Alan Campbell (screenwriter)
Alan K. Campbell (February 21, 1904 – June 14, 1963) was an American writer, actor, and screenwriter. He and his wife, Dorothy Parker, were a popular screenwriting team in Hollywood from 1934 to 1963.
Born in Richmond, Virginia, he was the only child of Harry L. Campbell and Hortense Eichel Campbell. He graduated from the Virginia Military Institute and moved to New York City in the late 1920s. An occasional contributor of prose to The New Yorker, he also acted on the Broadway stage. He met Parker in 1932 and they married two years later in Raton, New Mexico. Like his wife, he was of half-Scottish and half-Jewish descent.
Campbell, Parker, and their collaborator, Robert Carson, earned an Academy Award nomination for Best Adapted Screenplay for the 1937 version of A Star Is Born. He and Parker also wrote additional dialogue for The Little Foxes when Lillian Hellman was called away to work on another project.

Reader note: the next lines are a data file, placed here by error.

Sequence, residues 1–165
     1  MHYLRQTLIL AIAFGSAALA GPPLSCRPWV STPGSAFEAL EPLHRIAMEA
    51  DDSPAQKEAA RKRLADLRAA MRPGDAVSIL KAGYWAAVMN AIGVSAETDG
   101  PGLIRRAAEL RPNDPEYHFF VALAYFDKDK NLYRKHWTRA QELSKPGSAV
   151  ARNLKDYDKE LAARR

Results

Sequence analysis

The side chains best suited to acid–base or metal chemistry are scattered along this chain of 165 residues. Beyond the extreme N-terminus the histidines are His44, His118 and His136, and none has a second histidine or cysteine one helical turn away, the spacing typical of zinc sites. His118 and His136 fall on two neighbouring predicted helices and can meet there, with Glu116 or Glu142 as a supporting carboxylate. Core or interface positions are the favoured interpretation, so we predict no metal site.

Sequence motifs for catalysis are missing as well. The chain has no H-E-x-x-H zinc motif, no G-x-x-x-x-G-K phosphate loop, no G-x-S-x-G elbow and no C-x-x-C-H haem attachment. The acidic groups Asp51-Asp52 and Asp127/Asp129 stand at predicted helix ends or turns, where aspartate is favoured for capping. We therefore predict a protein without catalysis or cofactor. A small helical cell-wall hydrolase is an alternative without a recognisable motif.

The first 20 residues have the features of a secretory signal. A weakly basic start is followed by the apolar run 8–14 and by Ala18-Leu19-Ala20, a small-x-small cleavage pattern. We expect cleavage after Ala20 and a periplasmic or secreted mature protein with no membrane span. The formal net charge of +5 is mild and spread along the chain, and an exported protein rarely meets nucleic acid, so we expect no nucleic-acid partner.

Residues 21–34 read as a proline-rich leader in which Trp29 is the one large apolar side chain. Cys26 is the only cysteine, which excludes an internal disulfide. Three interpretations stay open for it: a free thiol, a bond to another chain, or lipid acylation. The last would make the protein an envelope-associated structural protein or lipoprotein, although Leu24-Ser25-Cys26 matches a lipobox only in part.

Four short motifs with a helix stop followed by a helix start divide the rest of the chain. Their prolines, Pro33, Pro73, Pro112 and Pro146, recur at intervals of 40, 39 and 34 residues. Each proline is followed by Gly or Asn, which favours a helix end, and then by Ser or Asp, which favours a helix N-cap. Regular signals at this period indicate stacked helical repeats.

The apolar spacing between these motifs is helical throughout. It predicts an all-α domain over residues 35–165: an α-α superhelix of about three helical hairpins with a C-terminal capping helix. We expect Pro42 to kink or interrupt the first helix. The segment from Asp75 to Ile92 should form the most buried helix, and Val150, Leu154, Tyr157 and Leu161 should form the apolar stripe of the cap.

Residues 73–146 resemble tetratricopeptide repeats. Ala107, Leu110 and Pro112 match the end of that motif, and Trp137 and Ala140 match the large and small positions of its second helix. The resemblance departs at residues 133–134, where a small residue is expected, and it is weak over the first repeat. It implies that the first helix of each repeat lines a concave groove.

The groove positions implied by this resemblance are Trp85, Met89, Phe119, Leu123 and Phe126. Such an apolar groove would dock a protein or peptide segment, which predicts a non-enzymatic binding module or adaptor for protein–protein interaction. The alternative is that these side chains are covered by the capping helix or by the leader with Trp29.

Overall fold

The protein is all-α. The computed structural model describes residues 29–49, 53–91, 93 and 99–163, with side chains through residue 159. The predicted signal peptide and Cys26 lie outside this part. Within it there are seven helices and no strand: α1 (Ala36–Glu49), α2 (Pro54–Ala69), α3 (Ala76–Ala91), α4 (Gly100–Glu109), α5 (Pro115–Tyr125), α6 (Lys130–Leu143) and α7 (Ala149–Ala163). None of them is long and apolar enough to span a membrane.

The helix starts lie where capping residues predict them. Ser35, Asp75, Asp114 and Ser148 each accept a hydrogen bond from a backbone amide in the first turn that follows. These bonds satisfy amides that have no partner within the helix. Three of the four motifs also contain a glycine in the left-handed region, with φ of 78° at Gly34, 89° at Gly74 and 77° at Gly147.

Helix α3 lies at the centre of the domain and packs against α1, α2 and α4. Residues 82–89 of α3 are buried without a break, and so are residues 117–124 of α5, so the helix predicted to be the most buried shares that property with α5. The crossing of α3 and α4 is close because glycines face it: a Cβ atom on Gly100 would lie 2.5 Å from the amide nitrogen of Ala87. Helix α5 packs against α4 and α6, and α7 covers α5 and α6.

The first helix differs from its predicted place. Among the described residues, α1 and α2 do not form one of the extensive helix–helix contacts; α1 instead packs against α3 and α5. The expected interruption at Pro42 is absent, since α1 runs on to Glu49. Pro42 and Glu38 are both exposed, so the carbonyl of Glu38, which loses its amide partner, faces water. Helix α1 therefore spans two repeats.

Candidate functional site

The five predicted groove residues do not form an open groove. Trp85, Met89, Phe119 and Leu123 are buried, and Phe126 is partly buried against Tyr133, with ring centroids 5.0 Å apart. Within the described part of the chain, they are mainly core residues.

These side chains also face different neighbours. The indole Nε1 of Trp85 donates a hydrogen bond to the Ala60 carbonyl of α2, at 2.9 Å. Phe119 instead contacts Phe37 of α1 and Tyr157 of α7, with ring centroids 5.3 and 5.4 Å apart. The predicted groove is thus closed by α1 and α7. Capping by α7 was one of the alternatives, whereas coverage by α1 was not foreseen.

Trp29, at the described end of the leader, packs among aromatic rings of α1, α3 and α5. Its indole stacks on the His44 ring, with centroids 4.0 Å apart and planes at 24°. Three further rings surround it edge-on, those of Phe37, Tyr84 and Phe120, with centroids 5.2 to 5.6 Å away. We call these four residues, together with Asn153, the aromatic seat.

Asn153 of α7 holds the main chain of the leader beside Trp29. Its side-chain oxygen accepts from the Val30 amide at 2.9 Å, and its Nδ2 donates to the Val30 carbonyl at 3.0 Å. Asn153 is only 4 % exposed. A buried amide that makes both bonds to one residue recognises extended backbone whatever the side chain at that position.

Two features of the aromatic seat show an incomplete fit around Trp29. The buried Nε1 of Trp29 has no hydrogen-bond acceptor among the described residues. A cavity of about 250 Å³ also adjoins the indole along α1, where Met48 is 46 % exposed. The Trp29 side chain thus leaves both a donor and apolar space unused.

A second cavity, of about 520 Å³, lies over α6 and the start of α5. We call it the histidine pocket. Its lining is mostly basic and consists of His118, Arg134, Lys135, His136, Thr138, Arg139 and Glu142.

In 1942 Campbell enlisted in the U.S. Army in Philadelphia. He was later commissioned an officer, and served in Europe in Army Intelligence. He attained the rank of captain. Campbell and Parker were married in 1934, divorced in 1947, remarried in 1950, and remained married until his death. (They were, nevertheless, separated from 1952 to 1961.)
Campbell killed himself on June 14, 1963 in West Hollywood, California. An autopsy revealed a large quantity of barbiturates in his system, and some accounts report that his death may have been accidental, but the fact that he was found with a plastic bag over his head and neck would appear to refute that idea. His remains were returned to Richmond for burial.